These are all wonderfully engaging stories and styles of time travel story telling. Some styles may appear to be more attuned to one child's tastes than another but once they have been bitten by the time bug, most children will happily read across all the styles.

Below is a potpourri of time travel tales. We hope you enjoy. Safe travels!

Independent Readers

Time Cat by Lloyd Alexander Suggested

Something Upstairs by Avi Suggested

The Indian in the Cupboard by Lynne Reid Banks Highly Recommended

The House With a Clock in Its Walls by John Bellairs and illustrated by Edward Gorey Recommended

A String in the Harp by Nancy Bond Recommended

The Children of Green Knowe by L. M. Boston and illustrated by Peter Boston Highly Recommended

Stonewords by Pam Conrad Suggested

The Dark Is Rising by Susan Cooper Highly Recommended

Edward Eager's Tales of Magic : Half Magic, Knight's Castle, the Time Garden, Magic by the Lake by Edward Eager Recommended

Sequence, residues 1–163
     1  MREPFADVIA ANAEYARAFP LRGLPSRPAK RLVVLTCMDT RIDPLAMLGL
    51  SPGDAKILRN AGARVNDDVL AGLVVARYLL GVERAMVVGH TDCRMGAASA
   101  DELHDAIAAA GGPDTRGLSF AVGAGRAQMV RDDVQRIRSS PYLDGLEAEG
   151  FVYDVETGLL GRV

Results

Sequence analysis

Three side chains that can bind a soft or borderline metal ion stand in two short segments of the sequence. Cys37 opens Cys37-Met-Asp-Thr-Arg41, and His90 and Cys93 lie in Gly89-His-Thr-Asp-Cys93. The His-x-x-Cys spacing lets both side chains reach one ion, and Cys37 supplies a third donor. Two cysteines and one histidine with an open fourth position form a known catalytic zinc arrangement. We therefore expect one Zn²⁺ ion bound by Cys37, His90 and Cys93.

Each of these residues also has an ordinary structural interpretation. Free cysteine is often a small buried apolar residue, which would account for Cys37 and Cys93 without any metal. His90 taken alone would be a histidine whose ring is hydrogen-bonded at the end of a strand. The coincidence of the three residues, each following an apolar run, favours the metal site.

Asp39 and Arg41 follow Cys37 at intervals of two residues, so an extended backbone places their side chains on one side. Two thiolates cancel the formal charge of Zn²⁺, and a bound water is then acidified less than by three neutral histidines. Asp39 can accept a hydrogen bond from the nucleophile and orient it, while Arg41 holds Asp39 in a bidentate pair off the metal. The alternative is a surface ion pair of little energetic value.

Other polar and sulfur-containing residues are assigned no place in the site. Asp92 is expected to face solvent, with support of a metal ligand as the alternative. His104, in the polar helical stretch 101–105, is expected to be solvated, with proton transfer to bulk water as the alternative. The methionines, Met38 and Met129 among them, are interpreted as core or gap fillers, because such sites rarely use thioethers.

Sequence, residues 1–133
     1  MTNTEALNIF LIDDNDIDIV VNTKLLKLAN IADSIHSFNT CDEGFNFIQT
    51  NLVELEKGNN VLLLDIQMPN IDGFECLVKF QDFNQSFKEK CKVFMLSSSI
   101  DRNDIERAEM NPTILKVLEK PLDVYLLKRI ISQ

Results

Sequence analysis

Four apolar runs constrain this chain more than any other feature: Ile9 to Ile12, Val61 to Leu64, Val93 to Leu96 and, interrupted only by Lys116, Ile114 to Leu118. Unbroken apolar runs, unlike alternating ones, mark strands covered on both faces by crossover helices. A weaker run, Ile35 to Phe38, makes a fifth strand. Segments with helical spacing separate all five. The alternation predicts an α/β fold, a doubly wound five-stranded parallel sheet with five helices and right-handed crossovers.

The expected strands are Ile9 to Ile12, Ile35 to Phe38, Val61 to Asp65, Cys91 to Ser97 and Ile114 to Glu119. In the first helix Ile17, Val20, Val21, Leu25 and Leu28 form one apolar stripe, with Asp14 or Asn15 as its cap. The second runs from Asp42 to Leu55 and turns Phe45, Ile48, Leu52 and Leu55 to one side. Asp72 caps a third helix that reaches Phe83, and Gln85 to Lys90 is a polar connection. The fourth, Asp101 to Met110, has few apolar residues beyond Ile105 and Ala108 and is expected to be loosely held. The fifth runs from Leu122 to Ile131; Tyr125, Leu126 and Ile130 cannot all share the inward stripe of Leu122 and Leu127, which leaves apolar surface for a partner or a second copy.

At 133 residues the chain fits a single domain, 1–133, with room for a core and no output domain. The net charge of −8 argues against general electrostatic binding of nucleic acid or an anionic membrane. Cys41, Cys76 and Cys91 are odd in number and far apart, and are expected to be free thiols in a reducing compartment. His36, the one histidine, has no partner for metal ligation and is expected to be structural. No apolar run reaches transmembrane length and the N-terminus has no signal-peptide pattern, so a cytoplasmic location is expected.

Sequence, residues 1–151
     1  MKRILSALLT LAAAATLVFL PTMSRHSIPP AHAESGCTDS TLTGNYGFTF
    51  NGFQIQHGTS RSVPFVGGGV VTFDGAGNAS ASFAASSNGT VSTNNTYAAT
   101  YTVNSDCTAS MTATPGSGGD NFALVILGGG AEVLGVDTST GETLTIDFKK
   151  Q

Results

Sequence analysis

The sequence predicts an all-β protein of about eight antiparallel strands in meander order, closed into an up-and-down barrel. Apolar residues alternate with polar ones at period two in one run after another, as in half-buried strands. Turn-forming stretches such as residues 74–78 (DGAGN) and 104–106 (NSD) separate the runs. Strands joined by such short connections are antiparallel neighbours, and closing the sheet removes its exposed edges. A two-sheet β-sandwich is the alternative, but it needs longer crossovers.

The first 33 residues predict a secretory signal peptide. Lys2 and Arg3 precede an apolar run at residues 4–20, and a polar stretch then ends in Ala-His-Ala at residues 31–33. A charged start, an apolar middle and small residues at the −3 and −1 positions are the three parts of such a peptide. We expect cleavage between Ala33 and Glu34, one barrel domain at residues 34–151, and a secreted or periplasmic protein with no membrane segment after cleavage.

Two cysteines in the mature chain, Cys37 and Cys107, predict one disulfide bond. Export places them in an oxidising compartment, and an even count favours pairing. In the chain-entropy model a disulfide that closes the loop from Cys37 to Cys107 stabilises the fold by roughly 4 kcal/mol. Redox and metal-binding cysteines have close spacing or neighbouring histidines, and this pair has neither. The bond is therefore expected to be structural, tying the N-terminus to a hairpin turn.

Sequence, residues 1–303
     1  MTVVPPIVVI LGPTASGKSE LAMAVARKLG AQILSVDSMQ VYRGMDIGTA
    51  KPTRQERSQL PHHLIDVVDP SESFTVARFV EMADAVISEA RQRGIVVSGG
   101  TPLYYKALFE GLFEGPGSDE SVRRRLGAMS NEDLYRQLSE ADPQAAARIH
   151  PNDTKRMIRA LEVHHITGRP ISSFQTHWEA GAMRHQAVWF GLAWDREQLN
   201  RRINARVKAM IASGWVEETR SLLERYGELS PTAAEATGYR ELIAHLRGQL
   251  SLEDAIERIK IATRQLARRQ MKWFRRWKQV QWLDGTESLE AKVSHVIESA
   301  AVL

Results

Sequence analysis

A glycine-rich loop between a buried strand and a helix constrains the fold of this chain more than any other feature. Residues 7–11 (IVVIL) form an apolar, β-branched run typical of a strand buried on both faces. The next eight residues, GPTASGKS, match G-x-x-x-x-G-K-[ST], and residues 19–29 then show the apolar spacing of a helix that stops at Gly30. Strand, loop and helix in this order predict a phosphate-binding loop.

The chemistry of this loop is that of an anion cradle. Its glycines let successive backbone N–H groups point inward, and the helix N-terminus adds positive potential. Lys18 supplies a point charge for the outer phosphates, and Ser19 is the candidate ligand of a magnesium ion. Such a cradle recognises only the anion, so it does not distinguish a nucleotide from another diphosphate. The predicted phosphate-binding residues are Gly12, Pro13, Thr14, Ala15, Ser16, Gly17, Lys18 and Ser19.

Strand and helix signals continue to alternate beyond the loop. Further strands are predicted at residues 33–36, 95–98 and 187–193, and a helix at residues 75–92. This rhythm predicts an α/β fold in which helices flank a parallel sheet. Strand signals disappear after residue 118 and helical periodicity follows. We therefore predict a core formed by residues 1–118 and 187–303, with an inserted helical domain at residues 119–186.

Charlotte Sometimes by Penelope Farmer and illustrated by Chris Connor Suggested

The 13th Floor by Sid Fleischman and illustrated by Peter Sis Suggested

A Girl Called Boy by Belinda Hurmence Suggested

A Wrinkle in Time by Madeleine L'Engle Highly Recommended

The Root Cellar by Janet Louise Swoboda Lunn Suggested

The Story of the Amulet by Edith Nesbit and illustrated by H. R. Millar Recommended

Bed-Knob and Broomstick by Mary Norton and illustrated by Erik Blegvad Recommended

Tom's Midnight Garden by Philippa Pearce and illustrated by Susan Einzig Recommended

Fog Magic by Julia L. Sauer Recommended

Time Warp Trio by Jon Scieszka Suggested

The Time Machine by H. G. Wells Recommended

The Devil's Arithmetic by Jane Yolen Receommended

Young Adults

The Land That Time Forgot by Edgar Rice Burroughs and illustrated by J. Allen St. John Recommended

The Lost World by Arthur Conan Doyle Recommended

The House on the Strand by Daphne Du Maurier Highly Recommended

A Connecticut Yankee at King Arthur's Court by Mark Twain Suggested